My wife Pam was the final helper, filling minor imperfections with Winterstone icing. Our focus was on the princess' legs and bag. We were tempted to use a broad spatula to smooth the bag and remove all indents from sculptor's fingers but that would make the bag too perfect for a princess wearing it as clothing so we left most of the finger indents intact.
The next day I worked alone, sanding the entire sculpture except for the hair, making final adjustments along the way. I discovered some clumps of Winterstone on the princess' face near the hairline. Since they were too stubborn to be sanded away, I used a file to shave them off then sanded the area to remove scrape lines made by the file.
Using the same file, I deepened the contours between the fingers and toes and shaped the nails. It felt like I was giving the princess a manicure and pedicure.
The face is the most critical part of the sculpture. Human nature will cause people to study the face to see the characteristics and emotions. Subconsciously they will notice unnatural imbalances and instantly know whether the face is nice or odd. To avoid making a critical mistake, I used a pencil to draw the eyes and mouth on the sculpture. The circle for the left eye looked good but the right one was a bit too large and needed erased and redrawn twice. The left side of the mouth curved down in a beautiful smile but the right side was ragged. Erase and redraw. Repeat until it looked balanced. I stepped back to get a better look and decided that the centre of the mouth was too close to the nose. Erasing and redrawing it lower gave the princess a more emphatic smile. I drew small dimple arches at both ends of the mouth. They were too horizontal, making the princess' smile look wry. After being redrawn they were too vertical and unnatural looking. A few attempts later they were perfect.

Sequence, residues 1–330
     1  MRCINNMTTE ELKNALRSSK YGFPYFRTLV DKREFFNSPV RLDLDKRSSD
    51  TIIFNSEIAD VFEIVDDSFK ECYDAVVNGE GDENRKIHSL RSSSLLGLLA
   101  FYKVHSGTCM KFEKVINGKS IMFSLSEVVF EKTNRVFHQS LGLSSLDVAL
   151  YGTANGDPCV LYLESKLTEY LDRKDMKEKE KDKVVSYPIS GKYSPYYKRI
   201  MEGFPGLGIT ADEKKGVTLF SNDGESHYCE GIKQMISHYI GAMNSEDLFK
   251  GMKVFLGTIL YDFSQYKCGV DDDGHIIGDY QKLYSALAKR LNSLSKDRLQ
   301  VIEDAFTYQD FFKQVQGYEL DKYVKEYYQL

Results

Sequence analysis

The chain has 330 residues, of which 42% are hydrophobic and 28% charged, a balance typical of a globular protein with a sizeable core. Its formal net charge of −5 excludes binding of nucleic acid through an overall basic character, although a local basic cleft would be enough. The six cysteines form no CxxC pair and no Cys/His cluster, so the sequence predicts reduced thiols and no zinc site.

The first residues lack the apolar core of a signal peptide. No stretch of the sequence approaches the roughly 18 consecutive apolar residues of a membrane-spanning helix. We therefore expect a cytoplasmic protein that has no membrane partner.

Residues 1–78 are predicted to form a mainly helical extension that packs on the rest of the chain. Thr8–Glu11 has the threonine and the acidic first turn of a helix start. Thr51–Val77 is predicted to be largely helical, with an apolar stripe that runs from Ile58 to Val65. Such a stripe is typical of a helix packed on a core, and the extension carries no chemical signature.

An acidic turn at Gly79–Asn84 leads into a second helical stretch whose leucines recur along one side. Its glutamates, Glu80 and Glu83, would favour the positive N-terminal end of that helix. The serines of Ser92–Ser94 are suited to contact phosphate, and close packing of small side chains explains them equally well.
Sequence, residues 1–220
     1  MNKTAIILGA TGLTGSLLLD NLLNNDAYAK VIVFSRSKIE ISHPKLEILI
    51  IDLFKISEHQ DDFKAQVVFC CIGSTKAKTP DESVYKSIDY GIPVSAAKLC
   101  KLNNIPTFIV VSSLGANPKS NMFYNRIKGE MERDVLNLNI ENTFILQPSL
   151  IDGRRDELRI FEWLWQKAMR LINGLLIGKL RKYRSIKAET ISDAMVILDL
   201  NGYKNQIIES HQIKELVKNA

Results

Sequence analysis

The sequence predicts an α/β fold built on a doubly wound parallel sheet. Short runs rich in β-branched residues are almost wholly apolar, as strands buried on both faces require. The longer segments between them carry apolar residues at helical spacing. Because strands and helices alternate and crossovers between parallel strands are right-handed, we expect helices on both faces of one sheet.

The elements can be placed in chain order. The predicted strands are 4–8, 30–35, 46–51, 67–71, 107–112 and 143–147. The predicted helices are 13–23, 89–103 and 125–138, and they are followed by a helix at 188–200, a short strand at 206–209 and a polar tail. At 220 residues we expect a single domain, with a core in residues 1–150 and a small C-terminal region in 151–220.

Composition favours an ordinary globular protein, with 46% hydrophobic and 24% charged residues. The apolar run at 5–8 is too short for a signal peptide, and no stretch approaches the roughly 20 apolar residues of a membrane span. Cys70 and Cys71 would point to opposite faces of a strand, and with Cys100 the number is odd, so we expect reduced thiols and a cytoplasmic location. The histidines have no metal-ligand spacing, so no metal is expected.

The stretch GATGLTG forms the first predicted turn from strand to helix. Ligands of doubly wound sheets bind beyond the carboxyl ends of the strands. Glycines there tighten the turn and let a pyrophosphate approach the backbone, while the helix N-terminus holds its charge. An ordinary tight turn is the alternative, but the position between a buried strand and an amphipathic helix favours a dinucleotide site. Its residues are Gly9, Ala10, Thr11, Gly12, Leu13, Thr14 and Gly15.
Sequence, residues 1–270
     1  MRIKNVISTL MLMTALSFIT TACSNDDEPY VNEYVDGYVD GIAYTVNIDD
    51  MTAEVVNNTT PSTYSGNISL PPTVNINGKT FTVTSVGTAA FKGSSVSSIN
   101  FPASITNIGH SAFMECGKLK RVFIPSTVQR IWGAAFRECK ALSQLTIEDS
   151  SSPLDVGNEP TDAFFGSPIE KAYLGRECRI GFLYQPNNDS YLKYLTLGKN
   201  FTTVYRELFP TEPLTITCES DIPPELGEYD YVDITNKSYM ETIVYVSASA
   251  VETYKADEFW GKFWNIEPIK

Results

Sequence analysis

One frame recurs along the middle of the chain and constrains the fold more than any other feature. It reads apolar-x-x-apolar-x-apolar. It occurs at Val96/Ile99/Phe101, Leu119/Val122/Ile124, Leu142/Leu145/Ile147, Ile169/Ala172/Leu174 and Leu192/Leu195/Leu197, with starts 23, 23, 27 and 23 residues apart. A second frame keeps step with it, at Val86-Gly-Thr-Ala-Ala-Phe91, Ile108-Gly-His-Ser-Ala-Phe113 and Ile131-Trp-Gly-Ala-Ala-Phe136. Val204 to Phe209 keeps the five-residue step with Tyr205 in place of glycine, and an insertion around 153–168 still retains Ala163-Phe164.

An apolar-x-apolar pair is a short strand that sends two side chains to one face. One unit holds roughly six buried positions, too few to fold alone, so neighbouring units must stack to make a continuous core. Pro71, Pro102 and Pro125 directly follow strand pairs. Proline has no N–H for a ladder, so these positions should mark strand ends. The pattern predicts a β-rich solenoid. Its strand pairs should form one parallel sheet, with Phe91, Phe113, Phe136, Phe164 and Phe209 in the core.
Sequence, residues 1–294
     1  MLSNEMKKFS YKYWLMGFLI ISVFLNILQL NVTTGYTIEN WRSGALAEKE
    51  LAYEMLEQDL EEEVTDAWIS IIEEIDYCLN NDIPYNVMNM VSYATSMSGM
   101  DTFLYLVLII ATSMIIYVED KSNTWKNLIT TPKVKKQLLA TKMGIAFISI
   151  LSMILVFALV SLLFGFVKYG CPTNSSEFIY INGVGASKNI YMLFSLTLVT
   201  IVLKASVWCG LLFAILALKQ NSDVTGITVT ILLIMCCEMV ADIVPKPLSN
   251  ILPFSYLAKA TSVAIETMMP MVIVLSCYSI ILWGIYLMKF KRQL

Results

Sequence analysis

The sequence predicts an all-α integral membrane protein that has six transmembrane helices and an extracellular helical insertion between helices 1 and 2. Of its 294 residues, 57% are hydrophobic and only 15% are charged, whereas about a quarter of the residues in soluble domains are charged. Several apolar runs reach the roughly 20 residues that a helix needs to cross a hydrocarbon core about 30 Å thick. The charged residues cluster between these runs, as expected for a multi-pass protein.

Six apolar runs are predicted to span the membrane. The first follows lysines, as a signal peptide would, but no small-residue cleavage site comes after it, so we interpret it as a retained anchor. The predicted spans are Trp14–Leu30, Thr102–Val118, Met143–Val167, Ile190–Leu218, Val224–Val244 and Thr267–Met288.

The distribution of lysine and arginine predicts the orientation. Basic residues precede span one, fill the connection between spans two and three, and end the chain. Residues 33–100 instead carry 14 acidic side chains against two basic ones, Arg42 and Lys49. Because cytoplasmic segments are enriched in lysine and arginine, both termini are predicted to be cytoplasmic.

For the next few days I sprayed the sculpture with water to help the Winterstone cure harder. Meanwhile, I studied the smile and compared it to two pictures that Michael Martchenko had drawn in the storybook. The picture of the princess waving goodbye to the dragon had very simple facial lines. The first picture in the book showed a beautiful face with more complex details. The face drawn on the sculpture was an ideal midpoint. With the utmost care, I attached a diamond bit to the end of my Dremmel rotary tool and slowly carved the face using light lines first then gradually deepening them with repeated gentle passes. The princess looks perfect but I'm not posting a picture of her here on the web site. I'm keeping it a secret until the unveiling at the library.
Thousands of potential sculptures lie within each and every uncut stone. Sometimes the destiny is obvious when I see a stone and sometimes releasing the sculpture within is a long journey following countless hints and inspirations.